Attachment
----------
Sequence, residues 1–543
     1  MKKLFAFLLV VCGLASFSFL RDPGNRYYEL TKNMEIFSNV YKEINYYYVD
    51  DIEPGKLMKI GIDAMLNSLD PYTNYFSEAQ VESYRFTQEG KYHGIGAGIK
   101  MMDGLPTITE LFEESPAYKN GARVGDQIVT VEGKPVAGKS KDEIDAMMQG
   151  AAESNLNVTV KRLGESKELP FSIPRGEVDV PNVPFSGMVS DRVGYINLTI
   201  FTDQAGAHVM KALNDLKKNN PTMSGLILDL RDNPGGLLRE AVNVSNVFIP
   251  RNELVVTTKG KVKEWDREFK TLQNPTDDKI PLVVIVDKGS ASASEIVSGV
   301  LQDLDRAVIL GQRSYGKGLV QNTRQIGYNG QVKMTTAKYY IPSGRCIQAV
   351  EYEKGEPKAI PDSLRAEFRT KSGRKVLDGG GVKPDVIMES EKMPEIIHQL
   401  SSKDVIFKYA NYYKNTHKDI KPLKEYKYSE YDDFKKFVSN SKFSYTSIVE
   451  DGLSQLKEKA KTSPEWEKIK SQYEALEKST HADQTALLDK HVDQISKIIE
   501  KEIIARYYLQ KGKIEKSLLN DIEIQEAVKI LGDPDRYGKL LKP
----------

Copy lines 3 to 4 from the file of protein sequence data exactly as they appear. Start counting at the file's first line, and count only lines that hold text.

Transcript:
    51  DIEPGKLMKI GIDAMLNSLD PYTNYFSEAQ VESYRFTQEG KYHGIGAGIK
   101  MMDGLPTITE LFEESPAYKN GARVGDQIVT VEGKPVAGKS KDEIDAMMQG